The European Commission is holding a meeting in June that is, on the face of it, very boring. The EU’s senior bureaucrats will be considering at what level to set a tax on carbon emissions for goods imported into the bloc.
Yet the consequences will be pivotal – both to the future of the EU’s world-leading system for managing corporate carbon emissions, and for how this market develops around the world. It’s therefore an absolutely vital part of the battle for net zero global emissions.
Let’s first understand what has prompted the tax. Within the EU, carbon emissions are governed by a cap-and-trade system: a cap is set on the total amount of carbon emissions that can be emitted, and power providers and other firms each get an allowance for how much they can emit themselves.
If their pollution exceeds their permit allowance, they must buy more permits on an open market. Crucially, if they pollute less than their permit allowance, they can sell their unused permits to other firms. The upshot is that firms earn more if they pollute less – a win-win.
Economists love the European Trading System (ETS) for this reason. Increasingly the market does too. With speculators betting that the days of unrestricted carbon emissions are coming to end, ETS permit prices have doubled since the start of the pandemic.
ETS carbon price
To a large extent, this price hike has been a good thing. It makes it more costly for firms to pollute and so ramps up their incentive to green their production processes. The only problem is that producers outside the EU are not required to pay for their pollution with permits. As permit prices rise, these competitors are becoming relatively less expensive and taking market share from their EU rivals.
To level the playing field, EU industries are in the unusual position of lobbying Brussels to impose a new tax – in this case on the carbon emissions of goods being imported into the bloc. Yet in the teeth of this high-stakes negotiation, several possible outcomes could actually make the situation with carbon emissions much worse than it is already.
Scenario #1: ETS implosion
The worst-case scenario is that the EU sets the tax too low. This could happen because the best outcome for any given EU country is to protect its own industry while not damaging its preferred trading partners outside of the EU. Because each EU member state has different industries and different preferred trading partners, horse-trading is likely to bid the border tax lower. In this case, pollution-intensive industries within the EU would continue to face higher costs relative to their overseas competitors.
This could lead to the ETS being undermined in one of several ways. EU industries might use their political clout to lobby for the ETS rules to be relaxed, for example by creating exemptions. Or firms might simply breach their emissions allowances. The European Commission has a patchy track record for collecting on fines and, again for reasons of political clout, national governments might side with industry against the EU (which happens from time to time). If both these things happen, it could effectively dismantle the ETS, returning us to a world of rising carbon emissions and global climate disaster.
Thankfully, a couple of factors make these outcomes unlikely. One is that Europe’s biggest trading partners are sympathetic to the cause. China already has its own carbon emissions scheme and the Biden administration has signalled a commitment to making deep cuts to US carbon emissions.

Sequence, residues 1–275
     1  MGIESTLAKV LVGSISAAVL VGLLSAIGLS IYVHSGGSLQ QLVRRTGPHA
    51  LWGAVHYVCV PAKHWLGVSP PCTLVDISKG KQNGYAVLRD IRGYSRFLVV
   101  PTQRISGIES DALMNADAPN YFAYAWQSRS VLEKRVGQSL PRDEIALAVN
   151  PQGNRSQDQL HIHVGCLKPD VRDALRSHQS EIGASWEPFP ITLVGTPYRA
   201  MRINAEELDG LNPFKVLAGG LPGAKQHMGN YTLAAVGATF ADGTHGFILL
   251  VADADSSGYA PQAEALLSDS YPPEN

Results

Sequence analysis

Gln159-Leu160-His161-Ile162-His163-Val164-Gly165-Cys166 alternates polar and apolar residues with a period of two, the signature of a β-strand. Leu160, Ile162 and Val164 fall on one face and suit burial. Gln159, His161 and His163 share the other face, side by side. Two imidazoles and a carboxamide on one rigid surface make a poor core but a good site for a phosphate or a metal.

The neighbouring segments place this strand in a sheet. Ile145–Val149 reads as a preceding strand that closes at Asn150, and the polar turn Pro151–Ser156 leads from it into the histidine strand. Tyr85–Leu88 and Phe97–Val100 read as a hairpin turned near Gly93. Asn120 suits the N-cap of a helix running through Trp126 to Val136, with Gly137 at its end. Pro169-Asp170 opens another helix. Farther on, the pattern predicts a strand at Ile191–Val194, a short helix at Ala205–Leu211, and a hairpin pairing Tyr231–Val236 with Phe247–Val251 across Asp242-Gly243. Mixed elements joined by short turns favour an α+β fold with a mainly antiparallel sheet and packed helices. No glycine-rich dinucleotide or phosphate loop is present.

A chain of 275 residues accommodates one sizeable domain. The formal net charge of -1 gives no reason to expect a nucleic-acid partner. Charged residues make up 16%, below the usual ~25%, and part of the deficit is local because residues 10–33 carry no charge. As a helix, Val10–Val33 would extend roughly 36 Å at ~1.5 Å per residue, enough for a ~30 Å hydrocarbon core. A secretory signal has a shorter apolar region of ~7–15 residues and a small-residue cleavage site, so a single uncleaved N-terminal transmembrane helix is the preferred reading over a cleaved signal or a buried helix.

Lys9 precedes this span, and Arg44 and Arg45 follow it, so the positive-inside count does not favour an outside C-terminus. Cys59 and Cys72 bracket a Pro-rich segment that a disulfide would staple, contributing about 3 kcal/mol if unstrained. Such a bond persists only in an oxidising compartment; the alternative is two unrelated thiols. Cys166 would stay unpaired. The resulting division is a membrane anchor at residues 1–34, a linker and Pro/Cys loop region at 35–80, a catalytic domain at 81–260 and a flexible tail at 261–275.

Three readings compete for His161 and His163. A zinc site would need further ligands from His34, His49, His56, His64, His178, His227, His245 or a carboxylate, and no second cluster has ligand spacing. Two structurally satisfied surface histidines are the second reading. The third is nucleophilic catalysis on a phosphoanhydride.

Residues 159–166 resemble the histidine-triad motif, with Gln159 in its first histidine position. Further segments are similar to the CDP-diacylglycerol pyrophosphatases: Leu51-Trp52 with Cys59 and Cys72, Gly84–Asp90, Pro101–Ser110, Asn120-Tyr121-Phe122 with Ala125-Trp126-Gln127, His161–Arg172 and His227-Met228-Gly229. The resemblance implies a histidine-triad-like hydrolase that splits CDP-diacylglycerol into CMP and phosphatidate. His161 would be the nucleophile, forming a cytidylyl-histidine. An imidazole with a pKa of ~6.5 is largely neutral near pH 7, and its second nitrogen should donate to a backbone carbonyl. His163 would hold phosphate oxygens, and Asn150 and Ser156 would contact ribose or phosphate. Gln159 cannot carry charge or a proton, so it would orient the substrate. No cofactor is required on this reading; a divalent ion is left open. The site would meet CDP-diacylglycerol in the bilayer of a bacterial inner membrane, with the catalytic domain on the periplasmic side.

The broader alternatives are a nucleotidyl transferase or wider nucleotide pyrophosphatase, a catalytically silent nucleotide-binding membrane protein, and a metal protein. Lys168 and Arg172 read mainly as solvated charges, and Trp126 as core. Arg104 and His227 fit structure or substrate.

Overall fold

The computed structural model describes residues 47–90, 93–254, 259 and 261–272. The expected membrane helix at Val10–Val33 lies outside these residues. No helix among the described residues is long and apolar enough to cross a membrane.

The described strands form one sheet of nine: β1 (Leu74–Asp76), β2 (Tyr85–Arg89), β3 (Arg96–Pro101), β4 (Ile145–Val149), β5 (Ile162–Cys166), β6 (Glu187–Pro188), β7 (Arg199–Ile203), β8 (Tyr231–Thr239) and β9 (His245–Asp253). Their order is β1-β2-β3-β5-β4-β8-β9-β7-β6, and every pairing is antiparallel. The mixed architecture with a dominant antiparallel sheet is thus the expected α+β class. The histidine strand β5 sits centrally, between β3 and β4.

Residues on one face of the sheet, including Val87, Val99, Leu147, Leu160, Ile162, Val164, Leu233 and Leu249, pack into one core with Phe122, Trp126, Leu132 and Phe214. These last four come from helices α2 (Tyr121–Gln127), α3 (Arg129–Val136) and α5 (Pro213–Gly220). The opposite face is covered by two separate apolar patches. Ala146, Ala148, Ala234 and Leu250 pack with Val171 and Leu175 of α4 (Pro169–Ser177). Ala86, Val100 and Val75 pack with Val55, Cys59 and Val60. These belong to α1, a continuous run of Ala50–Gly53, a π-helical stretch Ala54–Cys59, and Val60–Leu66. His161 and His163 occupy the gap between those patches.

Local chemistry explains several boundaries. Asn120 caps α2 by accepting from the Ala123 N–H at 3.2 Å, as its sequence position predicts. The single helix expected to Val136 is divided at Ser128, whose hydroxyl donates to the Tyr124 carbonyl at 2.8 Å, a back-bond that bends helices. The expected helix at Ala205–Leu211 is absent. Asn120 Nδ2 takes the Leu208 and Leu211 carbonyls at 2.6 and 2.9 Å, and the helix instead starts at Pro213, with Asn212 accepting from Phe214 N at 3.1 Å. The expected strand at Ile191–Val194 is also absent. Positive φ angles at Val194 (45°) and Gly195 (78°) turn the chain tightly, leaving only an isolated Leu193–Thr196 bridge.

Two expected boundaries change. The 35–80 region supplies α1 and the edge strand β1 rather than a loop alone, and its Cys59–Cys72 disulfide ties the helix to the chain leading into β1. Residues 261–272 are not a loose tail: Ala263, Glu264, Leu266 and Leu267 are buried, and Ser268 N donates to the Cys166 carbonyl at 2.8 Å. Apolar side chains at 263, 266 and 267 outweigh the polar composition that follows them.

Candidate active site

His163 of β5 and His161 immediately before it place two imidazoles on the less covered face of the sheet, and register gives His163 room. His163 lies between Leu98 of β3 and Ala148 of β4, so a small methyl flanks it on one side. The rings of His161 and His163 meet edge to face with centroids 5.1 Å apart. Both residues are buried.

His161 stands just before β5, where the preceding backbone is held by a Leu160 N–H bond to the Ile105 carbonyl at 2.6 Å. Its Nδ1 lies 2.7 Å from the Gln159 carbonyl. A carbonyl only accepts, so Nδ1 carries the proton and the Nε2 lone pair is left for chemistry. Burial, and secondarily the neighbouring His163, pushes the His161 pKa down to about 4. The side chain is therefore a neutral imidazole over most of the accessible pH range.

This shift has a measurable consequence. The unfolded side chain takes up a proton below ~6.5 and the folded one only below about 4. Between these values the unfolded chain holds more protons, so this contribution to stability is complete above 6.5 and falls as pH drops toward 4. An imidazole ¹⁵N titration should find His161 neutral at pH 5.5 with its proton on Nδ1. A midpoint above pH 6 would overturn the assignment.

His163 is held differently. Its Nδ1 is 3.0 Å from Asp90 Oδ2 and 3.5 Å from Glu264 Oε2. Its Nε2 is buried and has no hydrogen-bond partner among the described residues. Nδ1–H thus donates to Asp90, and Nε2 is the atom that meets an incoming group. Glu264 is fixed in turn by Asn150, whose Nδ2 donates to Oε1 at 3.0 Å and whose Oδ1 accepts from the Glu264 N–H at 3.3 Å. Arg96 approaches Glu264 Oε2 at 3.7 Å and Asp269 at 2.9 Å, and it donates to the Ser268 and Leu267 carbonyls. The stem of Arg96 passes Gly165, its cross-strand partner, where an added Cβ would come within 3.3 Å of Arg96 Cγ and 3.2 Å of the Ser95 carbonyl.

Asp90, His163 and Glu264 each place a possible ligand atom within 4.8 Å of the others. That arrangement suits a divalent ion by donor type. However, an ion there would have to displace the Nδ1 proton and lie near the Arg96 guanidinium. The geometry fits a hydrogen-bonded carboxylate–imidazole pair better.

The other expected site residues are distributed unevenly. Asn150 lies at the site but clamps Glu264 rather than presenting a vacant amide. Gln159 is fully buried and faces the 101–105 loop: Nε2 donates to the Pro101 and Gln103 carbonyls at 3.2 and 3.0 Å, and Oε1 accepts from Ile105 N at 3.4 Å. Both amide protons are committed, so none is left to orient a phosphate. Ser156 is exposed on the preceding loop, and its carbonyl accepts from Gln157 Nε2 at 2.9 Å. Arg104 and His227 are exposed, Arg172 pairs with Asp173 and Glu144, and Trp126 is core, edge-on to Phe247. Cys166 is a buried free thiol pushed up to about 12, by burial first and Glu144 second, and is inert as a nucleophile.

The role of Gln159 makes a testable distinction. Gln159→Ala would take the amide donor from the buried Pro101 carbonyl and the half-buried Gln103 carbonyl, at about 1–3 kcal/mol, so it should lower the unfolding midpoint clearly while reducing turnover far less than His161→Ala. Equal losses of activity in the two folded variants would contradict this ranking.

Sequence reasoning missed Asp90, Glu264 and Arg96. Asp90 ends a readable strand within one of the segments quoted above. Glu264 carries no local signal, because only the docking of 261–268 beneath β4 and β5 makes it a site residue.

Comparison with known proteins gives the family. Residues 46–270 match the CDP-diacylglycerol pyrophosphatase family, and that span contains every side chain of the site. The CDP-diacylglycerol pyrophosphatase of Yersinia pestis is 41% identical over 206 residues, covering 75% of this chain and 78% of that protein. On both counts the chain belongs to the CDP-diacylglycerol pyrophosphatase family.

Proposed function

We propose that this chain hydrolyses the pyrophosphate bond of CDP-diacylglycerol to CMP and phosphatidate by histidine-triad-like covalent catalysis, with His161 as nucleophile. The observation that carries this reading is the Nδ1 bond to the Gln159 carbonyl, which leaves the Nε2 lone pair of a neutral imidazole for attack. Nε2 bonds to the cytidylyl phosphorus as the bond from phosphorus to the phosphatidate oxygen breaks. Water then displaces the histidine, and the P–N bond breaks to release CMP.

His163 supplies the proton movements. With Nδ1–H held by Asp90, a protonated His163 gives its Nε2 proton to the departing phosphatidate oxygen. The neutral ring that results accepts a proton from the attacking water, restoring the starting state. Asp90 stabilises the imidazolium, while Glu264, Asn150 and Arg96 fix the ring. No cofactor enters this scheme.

But more importantly, the ETS has an in-built release valve. If the scheme makes it too expensive for a firm to produce within the EU, it can shift production overseas. It then ceases to need ETS permits and releases it stock of permits on to the market. Demand reduces, supply increases and the price of permits falls. This might help keep the system intact, but emissions would rise in the meantime.
Scenario #2: widening global inequality
A way to get around the horse-trading is for the EU to pre-commit that no external country will get special treatment. That entails a higher tax rate that reduces the risk of the ETS imploding, but there is a cost that would reveal itself over decades: the tax would disproportionately hit economies that rely on heavy industry.
Countries like Canada that have plenty of (clean) white-collar jobs would be hit less hard than middle-income countries like India, for instance. And more worrisome than the initial hit would be the consequences for business opportunities: a high tax would create opportunities for innovators in green energy.
This might sound like a great thing, but these people – and the tools they require to do their research – are disproportionately located in the developed world. This points to a dystopian future of increasing north/south and white collar/blue collar divergence.
Scenario #3: a better world for all
The European Commission therefore faces two risks here: climate disaster from setting the tax too low, and greater global inequality if the rate is too high. The sweet spot is to set a border tax rate such that the worst-off countries get a break and the best-off countries fully pay their dues. So what would that look like?
One opportunity open to the European Commission is to tax imports in proportion to some reliable metric of development. So imports from countries like New Zealand would be taxed as though they were produced in the EU whereas concessions would be made for those coming from countries with, say, low life expectancy or high levels of poverty. That outcome would build on the promise of the ETS as a means to reduce global carbon emissions and would also rebalance global development.
by : David Comerford, Senior Lecturer of Economics and Behavioural Science, University of Stirling